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Tuesday, September 01, 2009

 

still a depression, but watching industrial production


barry eichengreen and kevin o'rourke update their charts to note the nascent divergence of industrial production from the early 1930s trend.

This is a sharp divergence from experience in the Great Depression, when the decline in industrial production continued fully for three years. The question now is whether final demand for this increased production will materialise or whether consumer spending, especially in the US, will remain weak, causing the increase in production to go into inventories, leading firms to cut back subsequently, and resulting in a double dip recession.


interestingly, of all the country breakdowns of individual nation industrial production, only the united states is faring better than in the great depression to date. this is very likely due to the reversal of its role in this crisis, as the erstwhile great current account surplus nation (a role now shared by china, japan and germany) to the world's great current account deficit nation and provider of excess demand.

but end demand does not appear to be resuscitating as of yet, except where dramatically subsidized from the public checkbook, nor is retail credit in any expanding as banks continue to reduce balance sheet. as noted by pragmatic capitalist, retail data are still indicating contraction.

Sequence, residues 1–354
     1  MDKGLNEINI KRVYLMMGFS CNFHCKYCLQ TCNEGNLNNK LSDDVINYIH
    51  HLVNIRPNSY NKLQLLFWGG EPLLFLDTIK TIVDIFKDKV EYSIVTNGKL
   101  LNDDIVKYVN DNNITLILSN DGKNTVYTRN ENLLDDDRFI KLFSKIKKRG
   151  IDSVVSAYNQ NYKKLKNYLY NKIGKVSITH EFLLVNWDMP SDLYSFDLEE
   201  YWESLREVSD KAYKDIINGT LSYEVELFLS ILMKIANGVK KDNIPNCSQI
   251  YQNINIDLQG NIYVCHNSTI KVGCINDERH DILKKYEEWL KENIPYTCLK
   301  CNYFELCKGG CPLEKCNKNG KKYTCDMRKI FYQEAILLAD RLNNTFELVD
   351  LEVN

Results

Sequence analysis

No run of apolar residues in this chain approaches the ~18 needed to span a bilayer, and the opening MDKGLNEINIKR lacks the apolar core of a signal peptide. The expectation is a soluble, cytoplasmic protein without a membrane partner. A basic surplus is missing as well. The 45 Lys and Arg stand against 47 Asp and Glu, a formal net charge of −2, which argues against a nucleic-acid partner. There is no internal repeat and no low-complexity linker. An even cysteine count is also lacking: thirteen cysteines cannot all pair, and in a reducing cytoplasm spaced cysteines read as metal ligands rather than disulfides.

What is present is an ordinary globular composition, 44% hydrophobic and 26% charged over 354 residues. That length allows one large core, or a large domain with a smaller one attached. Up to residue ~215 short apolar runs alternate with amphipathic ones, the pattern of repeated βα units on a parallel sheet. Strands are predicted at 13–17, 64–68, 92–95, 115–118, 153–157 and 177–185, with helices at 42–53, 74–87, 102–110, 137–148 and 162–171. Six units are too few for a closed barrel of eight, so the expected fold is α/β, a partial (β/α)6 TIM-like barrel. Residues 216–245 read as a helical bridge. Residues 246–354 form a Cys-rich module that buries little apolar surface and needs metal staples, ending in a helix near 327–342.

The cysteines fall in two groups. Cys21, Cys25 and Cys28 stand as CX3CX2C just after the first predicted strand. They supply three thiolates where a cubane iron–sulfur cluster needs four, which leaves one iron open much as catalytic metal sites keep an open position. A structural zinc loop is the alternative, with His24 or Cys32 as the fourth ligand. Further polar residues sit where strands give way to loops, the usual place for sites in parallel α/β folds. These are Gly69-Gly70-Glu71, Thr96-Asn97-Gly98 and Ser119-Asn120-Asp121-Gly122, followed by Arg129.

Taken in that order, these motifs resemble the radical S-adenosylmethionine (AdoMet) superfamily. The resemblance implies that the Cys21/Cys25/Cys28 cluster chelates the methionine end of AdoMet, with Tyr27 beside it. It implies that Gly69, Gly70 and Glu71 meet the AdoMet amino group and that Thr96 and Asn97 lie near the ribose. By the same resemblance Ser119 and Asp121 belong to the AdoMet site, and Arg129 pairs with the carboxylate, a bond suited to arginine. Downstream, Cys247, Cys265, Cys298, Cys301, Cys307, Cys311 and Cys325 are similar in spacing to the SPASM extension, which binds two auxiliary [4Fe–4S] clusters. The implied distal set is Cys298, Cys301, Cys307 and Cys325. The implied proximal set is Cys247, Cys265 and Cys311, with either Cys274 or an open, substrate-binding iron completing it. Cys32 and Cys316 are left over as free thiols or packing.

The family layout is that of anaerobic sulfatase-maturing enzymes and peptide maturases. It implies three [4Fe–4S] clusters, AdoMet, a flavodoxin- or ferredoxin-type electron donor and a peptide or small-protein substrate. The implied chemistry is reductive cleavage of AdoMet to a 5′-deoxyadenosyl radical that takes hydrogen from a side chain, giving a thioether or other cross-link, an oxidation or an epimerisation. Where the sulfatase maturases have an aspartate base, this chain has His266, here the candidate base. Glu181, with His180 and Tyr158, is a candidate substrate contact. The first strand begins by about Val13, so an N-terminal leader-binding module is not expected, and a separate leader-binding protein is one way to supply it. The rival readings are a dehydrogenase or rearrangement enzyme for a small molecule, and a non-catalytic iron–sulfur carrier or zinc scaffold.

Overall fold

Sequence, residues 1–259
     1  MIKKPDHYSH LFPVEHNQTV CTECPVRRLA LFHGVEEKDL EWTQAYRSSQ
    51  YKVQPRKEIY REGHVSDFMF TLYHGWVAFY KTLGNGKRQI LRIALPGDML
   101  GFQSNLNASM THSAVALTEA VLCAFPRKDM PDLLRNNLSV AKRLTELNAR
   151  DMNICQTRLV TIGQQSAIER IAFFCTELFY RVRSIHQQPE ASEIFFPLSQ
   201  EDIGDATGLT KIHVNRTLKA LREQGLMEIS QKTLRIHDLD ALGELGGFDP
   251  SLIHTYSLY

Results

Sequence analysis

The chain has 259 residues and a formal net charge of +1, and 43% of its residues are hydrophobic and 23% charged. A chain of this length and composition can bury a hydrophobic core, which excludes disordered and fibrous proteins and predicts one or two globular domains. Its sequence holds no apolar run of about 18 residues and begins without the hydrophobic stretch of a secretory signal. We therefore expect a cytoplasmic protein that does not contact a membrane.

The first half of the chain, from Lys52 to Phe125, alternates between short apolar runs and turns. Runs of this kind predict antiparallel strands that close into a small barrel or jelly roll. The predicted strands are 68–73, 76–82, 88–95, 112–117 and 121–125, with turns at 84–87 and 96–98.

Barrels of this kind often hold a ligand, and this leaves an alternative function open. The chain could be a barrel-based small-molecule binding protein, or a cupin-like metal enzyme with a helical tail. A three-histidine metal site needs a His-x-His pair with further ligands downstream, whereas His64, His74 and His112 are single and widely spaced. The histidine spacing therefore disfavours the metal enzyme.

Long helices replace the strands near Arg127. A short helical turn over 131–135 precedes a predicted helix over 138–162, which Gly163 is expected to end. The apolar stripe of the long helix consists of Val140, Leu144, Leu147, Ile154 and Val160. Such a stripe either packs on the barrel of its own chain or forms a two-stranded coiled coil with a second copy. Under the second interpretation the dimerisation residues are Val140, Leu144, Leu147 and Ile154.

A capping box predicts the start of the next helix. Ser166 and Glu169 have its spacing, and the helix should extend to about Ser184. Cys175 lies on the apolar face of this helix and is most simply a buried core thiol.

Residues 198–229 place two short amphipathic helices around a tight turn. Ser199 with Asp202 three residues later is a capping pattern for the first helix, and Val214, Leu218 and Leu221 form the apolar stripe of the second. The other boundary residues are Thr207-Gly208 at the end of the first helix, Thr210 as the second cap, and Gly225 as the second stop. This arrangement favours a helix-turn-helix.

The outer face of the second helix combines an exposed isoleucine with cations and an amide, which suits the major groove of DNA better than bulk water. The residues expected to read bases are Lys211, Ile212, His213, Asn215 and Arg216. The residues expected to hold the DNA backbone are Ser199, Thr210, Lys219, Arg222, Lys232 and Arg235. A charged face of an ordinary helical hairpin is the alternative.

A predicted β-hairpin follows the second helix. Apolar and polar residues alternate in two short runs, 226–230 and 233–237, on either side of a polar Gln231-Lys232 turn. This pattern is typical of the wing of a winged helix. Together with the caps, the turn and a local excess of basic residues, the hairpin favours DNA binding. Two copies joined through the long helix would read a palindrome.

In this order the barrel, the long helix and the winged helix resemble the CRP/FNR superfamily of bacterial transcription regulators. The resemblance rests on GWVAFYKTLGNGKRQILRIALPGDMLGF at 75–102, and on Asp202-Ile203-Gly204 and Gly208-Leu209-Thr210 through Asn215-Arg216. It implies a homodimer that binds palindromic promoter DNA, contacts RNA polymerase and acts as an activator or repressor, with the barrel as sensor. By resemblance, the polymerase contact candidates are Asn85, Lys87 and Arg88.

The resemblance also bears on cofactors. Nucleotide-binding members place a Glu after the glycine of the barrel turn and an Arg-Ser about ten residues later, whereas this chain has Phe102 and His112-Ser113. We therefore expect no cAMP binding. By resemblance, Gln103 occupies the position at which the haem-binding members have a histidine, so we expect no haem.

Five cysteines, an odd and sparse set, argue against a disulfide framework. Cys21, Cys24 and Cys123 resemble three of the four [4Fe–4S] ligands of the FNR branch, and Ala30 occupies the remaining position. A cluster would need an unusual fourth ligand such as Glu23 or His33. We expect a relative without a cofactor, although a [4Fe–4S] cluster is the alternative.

Are investors beginning to notice the weekly negative trends in retail? ICSC came in at -0.5% on the week and -0.7% year over year. Redbook came in -4.1%. The strong negative trend in consumer spending cannot be ignored forever. At some point this is going to take a grip on the economy and the stock market. This is a very bad sign for back to school sales….


this bloomberg piece citing the opinions of paul tudor jones and clarium capital's kevin harrington roughly corroborate the view that there's clearly a cyclical inventory restocking afoot, but it may be one limited by the trailing off of fiscal stimulus spending as the year runs out.

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